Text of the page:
Bank Runs and Investment Decisions Revisited
24 Pages Posted: 5 Dec 2012 Last revised: 20 Feb 2013
Date Written: March 1, 2004
We examine how the possibility of a bank run affects the deposit contract offered and the investment decisions made by a competitive bank. Cooper and Ross (1998) have shown that when the probability of a run is small, the bank will offer a contract that admits a bank-run equilibrium. We show that, in this case, the bank will chose to hold an amount of liquid reserves exactly equal to what withdrawal demand will be if a run does not occur. In other words, precautionary or "excess" liquidity will not be held. This result allows us to determine how the possibility of a bank run affects the level of illiquid investment chosen by a bank. We show that when the cost of liquidating investment early is high, the level of investment is decreasing in the probability of a run. However, when liquidation costs are moderate, the level of investment is actually increasing in the probability of a run.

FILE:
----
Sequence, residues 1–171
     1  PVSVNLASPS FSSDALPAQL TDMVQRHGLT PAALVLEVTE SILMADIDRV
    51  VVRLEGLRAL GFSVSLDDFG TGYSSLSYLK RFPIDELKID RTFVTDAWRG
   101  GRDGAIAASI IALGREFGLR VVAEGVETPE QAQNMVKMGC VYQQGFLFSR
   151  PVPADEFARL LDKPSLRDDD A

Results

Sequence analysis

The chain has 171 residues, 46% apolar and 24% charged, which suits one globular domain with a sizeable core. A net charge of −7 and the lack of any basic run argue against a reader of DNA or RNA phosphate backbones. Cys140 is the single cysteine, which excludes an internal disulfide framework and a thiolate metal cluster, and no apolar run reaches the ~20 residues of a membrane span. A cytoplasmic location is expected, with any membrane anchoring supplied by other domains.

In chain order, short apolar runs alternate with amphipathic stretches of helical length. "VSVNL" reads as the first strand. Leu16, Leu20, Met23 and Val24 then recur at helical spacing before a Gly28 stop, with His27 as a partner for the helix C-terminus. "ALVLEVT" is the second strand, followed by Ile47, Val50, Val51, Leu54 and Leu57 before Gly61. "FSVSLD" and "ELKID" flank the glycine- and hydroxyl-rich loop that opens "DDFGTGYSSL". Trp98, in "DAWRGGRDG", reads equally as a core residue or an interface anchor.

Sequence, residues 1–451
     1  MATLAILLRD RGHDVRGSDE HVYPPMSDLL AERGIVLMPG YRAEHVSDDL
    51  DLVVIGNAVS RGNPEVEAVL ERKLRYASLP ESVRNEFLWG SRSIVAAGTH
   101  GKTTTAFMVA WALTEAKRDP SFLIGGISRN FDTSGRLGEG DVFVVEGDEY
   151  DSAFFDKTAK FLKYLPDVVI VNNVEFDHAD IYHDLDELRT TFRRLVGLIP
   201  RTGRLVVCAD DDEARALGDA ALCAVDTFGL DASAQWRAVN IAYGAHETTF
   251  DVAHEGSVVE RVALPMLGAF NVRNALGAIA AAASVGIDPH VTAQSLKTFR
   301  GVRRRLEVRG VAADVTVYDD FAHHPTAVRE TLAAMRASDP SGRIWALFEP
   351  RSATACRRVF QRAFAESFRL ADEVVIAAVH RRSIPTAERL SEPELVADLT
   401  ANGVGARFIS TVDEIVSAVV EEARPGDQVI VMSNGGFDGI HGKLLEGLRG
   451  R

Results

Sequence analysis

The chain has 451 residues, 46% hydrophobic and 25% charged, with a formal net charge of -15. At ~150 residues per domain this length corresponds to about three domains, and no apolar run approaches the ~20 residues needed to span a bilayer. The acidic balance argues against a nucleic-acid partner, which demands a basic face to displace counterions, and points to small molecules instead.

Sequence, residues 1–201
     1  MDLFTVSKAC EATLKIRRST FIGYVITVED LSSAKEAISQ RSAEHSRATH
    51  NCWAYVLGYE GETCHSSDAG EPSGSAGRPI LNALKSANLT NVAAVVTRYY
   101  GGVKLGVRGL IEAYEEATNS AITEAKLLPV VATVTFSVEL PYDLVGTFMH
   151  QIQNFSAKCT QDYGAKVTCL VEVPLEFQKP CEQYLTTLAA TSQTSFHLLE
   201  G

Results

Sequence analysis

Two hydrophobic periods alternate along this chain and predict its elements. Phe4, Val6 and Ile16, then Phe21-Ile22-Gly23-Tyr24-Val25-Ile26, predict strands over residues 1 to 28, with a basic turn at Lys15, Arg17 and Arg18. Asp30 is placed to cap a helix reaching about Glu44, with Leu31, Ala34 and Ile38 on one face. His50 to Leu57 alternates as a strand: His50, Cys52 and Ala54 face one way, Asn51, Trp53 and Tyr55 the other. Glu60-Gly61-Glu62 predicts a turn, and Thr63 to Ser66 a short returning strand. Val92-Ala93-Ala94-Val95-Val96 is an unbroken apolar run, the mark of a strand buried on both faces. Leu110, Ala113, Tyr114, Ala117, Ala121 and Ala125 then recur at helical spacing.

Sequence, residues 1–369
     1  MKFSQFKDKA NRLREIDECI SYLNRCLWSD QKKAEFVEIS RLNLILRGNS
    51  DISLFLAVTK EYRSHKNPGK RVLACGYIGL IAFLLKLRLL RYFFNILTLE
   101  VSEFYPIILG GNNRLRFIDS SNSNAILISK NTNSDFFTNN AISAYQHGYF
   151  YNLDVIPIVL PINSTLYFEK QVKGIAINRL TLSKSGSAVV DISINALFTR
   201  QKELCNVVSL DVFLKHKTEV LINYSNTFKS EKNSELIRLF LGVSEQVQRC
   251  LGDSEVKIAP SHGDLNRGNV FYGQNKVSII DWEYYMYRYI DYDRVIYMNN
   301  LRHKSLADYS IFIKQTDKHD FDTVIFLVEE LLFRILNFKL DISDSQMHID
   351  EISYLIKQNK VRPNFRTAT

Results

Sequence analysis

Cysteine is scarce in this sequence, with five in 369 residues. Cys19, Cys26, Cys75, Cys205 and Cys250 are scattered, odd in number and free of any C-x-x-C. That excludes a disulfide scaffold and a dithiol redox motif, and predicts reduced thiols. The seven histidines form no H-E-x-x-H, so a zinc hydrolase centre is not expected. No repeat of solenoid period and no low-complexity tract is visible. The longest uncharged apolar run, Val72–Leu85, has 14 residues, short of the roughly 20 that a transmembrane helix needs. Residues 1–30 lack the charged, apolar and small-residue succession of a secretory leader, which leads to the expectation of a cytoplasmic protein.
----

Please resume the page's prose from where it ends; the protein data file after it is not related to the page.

Keywords: bank runs, deposit contracts, bank reserves, sunspot equilibrium
JEL Classification: D84, E44, G21
Suggested Citation: Suggested Citation